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The first rate Italian actress,Valentina Cortese, died on July 10 in Milan, the city where she  was born 96 years ago.

Although she never achieved the level of stardom in America that her contemporaries Anna Magnani, Sophia Loren and Gina Lollobridgida did, she made a handful of films which will keep in name among the greats.

Having survived a difficult childhood (she was raised by her maternal grandparents from age 6) Cortese began her career when she was 16, and attained stardom in Europe by the late 1940s. She made her first English language movie, The Glass Mountain, in Great Britain in 1948. Hollywood took notice, and a seven-year contract at 20th Century Fox soon followed.

It was not a good fit.  Although Cortese was cast in some creditable pictures, she did not feel at home in Hollywood, and returned to Europe in 1952. But the pictures she made still stand out.

She played a saloon singer in 1949’s Malaya, a saga of rubber smugglers starring Spencer Tracy and James Stewart. Perhaps her most remembered movie from this period is the 1951 thriller House on Telegraph Hill in which she plays a concentration camp survivor who impersonates another woman, and learns to her surprise that she has come into a fortune in inheritance. Playing her suspect husband is Richard Basehart, who in fact became Valentina’s husband in 1951.

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We especially like another of Cortese’s outing from this period, 1949’s Thieves Highway, a solid film noir about the travails of California fruit truckers, costarring Lee J. Cobb and Richard Conte. The director is Jules Dassin, who much admired Cortese. She plays a soft-hearted truckstop floozy (see photo below) with both style and seductiveness.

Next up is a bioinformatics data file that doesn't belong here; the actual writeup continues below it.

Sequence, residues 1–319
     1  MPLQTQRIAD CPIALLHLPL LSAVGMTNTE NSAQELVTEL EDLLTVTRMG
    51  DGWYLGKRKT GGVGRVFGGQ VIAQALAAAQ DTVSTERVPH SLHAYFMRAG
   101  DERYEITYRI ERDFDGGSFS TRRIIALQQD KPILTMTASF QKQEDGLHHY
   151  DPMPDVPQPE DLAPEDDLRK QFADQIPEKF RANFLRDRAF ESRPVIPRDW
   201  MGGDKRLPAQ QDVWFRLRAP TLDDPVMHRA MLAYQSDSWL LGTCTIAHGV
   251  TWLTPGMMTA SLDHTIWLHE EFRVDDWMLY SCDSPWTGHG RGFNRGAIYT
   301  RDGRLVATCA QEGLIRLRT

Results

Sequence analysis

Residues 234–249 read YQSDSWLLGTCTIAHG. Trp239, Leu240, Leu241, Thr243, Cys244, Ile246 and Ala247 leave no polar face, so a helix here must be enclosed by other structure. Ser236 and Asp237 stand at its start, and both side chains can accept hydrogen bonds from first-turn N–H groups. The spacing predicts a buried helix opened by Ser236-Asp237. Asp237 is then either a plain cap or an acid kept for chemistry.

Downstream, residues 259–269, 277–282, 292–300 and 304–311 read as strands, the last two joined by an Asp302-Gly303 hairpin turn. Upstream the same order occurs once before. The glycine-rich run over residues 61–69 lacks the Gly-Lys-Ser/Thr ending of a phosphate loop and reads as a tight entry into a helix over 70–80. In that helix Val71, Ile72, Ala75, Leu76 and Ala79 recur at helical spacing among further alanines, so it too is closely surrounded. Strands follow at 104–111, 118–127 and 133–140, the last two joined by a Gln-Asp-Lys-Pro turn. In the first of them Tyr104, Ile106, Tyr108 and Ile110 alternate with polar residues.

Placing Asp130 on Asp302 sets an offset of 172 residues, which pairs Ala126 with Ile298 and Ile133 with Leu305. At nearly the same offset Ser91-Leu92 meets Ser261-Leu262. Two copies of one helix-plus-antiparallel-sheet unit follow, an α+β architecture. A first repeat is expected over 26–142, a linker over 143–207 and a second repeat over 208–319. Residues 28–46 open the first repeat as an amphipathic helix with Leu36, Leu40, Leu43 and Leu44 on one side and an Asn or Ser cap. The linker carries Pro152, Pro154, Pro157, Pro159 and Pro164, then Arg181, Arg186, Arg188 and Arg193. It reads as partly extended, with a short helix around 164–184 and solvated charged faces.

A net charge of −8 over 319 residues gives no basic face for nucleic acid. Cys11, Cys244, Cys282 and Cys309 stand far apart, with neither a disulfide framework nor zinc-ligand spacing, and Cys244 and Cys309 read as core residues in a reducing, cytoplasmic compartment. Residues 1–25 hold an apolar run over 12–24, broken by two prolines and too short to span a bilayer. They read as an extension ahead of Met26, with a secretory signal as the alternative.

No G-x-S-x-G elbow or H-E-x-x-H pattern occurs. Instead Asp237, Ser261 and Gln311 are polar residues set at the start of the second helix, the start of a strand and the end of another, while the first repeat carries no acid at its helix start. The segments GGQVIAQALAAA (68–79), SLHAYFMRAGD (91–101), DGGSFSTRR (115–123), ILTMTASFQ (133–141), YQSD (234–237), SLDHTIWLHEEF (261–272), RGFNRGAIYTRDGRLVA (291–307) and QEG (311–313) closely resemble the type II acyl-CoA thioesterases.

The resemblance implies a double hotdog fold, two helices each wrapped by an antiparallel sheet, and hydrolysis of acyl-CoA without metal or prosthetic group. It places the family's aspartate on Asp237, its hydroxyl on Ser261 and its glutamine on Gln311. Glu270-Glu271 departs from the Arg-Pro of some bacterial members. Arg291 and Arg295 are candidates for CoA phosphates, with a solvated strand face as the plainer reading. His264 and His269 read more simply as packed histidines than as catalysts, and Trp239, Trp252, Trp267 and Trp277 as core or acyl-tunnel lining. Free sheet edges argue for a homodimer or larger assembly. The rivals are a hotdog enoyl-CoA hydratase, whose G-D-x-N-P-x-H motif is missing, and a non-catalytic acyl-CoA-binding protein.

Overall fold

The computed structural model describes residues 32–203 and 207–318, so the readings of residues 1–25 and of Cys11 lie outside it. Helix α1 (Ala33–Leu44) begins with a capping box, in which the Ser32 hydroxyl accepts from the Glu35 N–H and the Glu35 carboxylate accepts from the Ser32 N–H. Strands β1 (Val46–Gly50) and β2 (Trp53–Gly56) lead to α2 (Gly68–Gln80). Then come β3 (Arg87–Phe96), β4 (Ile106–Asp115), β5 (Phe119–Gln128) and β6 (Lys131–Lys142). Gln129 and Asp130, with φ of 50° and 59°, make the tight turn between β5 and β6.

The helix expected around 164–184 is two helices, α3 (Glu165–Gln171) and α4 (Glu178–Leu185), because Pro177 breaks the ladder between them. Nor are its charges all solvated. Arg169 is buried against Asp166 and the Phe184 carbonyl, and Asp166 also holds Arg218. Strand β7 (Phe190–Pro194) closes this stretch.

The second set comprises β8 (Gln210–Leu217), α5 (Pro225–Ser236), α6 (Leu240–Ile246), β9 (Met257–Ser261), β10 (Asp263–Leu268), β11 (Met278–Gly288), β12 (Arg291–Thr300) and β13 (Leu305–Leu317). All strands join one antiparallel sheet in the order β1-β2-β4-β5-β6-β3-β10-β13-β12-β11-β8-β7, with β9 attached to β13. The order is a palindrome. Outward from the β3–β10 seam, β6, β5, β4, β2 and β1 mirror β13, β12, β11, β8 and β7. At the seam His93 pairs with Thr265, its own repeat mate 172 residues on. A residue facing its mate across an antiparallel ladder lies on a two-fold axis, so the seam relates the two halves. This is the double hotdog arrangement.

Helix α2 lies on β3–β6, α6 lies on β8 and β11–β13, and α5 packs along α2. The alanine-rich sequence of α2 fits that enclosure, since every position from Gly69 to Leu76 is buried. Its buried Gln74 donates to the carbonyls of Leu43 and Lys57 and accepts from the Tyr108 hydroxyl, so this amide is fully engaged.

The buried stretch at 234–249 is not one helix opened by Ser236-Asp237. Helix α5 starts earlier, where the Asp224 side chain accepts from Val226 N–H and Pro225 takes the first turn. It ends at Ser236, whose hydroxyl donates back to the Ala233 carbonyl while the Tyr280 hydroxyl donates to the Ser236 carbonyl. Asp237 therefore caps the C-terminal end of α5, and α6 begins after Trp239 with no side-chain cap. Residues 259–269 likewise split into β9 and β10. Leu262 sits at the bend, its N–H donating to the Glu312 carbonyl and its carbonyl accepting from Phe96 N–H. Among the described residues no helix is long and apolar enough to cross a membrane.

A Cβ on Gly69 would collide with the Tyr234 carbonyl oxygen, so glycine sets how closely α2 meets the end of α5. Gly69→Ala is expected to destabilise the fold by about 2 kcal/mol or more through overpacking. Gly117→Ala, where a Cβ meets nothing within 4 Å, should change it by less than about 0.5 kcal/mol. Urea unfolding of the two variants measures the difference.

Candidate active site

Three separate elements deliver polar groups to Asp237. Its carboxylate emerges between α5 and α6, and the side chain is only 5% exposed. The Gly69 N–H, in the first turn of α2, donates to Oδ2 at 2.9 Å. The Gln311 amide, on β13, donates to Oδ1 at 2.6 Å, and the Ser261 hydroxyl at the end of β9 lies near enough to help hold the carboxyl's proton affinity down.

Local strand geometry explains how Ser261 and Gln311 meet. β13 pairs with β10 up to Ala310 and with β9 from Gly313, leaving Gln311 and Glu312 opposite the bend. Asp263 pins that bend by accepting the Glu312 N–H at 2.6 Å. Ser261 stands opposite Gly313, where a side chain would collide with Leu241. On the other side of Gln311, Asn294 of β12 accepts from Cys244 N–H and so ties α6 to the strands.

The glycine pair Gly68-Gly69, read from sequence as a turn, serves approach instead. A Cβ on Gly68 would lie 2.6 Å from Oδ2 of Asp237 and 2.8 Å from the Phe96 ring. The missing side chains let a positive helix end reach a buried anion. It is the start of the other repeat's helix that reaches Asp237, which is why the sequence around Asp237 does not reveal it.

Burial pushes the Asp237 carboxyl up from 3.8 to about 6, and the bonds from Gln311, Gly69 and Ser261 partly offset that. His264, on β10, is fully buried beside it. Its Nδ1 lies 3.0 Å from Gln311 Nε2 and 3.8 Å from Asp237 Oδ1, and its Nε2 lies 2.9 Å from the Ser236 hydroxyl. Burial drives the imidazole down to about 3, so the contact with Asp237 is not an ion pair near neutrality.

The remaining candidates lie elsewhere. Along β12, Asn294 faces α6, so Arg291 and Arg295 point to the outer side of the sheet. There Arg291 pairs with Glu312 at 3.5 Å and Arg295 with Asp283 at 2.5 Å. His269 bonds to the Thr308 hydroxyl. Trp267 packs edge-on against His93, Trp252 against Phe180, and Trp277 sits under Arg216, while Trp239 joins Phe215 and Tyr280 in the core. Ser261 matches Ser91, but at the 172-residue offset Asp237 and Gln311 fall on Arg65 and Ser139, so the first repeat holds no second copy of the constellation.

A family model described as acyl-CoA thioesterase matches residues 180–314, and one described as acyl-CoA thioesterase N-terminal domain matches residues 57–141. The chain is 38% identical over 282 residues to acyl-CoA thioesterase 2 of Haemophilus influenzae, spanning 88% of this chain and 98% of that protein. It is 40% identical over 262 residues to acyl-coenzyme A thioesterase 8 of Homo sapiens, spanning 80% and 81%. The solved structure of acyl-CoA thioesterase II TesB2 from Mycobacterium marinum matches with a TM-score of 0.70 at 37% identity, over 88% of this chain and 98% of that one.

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But, as Joe says, see her in Francois Truffaut’s Day For Night, and you’ll know what a great actress she was. The 1973 picture is a delight — a kind-hearted, almost whimsical film about the inner workings of movie-making complete with vain but dedicated actors and an unsure director (played by Truffaut himself).

Valentinia is superb as an aging prima donna who has trouble remembering lines and hitting marks. She keep opening closet doors rather than the exit doors called for in the script. (There she is below pondering her lines and downing a glass of bubbly as fortification.)

Valentina’s is indulgently treated by fellow cast members, particularly by a very understanding leading man warmly played by French actor Jean-Pierre Aumont.

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For her performance in Day For Night, Cortese won a best supporting actor Oscar nomination.  Well deserved.

Ciao, Valentina.

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